International Rescue: Buffalo Rescue 1 Teams with Canadian Firefighters to Save Worker Trapped on Ship

April 1, 2005
Mike Lombardo details the event that took place when a nine-foot-high pile of anchor chain weighing in excess of 50,000 pounds shifted, trapping a worker against the inside wall of a storage locker on a ship.

Aug. 19, 2004, started as a clear and mild day in Port Colborne, Ontario, a city on the south end of the Welland canal that links Lake Erie to Lake Ontario. Marine Recycling Corp. workers were performing a scrapping operation on the 750-foot lake freighter Tarantu. The operation had left about 150 feet of the bow section of the ship remaining.

At approximately 10:20 A.M., 21-year-old Michael Kingston was performing cutting operations when a nine-foot-high pile of anchor chain weighing in excess of 50,000 pounds shifted, trapping him against the inside wall of the storage locker.

At 10:28 the Port Colborne Fire Department received the call for the man trapped in the ship at 3 Lake Road. Engine 1, Ladder 1 and Command 1 responded. Units were on location at 10:34 and found Kingston trapped in the chain locker with only his head visible. His body was surrounded by anchor chain; each link in the 300-foot-long chain weighed about 70 pounds.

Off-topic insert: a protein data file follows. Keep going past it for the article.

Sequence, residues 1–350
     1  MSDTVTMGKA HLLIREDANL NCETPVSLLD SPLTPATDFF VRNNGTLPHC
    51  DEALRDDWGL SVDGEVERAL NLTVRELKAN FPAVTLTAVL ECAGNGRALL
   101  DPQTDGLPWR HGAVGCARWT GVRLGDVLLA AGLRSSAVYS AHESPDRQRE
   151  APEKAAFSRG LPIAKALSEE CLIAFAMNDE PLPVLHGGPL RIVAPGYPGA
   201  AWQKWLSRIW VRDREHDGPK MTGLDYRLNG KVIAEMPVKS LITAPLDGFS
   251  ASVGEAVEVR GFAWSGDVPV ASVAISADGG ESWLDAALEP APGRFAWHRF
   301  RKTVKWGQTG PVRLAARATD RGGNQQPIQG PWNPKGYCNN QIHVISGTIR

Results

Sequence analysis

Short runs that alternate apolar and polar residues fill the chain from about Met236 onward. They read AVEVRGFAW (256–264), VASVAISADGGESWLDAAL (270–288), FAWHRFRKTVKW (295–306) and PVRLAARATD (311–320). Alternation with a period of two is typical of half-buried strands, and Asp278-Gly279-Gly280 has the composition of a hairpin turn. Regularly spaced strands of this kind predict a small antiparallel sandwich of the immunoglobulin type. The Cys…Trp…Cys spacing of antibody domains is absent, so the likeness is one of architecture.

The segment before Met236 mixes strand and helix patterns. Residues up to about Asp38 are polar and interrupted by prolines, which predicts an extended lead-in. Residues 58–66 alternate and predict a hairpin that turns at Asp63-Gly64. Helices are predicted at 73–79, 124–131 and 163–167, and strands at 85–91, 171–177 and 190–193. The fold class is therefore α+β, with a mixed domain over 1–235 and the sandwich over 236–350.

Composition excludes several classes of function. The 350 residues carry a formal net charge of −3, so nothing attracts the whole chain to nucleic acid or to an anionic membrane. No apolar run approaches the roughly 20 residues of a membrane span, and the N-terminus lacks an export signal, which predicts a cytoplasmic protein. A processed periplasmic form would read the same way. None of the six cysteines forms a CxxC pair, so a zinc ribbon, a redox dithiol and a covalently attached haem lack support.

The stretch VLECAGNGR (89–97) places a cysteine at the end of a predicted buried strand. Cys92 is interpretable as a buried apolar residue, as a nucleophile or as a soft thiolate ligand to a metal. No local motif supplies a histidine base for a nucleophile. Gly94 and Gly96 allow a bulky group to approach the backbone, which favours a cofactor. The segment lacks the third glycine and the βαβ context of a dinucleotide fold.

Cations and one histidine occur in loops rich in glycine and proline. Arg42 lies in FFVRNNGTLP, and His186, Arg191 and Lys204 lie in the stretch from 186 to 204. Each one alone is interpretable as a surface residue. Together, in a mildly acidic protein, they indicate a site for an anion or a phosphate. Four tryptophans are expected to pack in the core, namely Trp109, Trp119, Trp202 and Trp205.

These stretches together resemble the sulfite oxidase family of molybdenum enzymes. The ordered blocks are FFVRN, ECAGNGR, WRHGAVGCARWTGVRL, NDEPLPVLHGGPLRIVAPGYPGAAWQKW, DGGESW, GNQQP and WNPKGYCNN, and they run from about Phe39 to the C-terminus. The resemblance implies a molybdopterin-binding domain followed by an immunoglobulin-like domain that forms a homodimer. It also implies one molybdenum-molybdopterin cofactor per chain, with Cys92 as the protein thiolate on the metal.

Port Colborne Ladder 1 was used to access the ship, positioning its 100-foot aerial at an opening that had been cut into the ship at the second deck level where the victim was located. This opening had been made before to the incident. All personnel and equipment were moved across the water to the ship via the aerial ladder. Port Colborne fire crews, under the direction of Captain Bill Teal as incident commander, cleared the chain around the victim’s chest, pelvis and upper legs in a short time. The chain pinning Kingston’s lower right leg proved more difficult. Additional help was called in the form of Port Colborne volunteer firefighters and off-duty career members. Incident command was transferred to Chief of Department Tom Cartwright.

Paramedic crews from Niagara Regional Emergency Medical Services responded and after assessing the victim started IV lines to provide fluids and a route for pain medication. Blood was also brought to the scene; there was a fear of severe crushing injury that could lead to the victim bleeding to death upon being extricated. A medical helicopter from Toronto was also requested and responded.

Port Colborne crews on the ship, under the direction of Captain Sandy MacIntyre and Acting Captain Terry Czerlau, used a hydraulic combination tool as a spreader to hold the purchase space between the victim and the compartment bulkhead. Firefighters Joe Henry and Rick Smith used a come-along to secure one point of the chain to an overhead structural member. A crane was on hand and was used to tie off to the chain to try and secure it. Any attempt to move the chain from around the victim’s right leg resulted in great pain for Kingston. The chain was on top of the man’s right foot and between his lower and upper leg that was bent at the knee approximately 120 degrees. There was also chain on top of the man’s upper leg.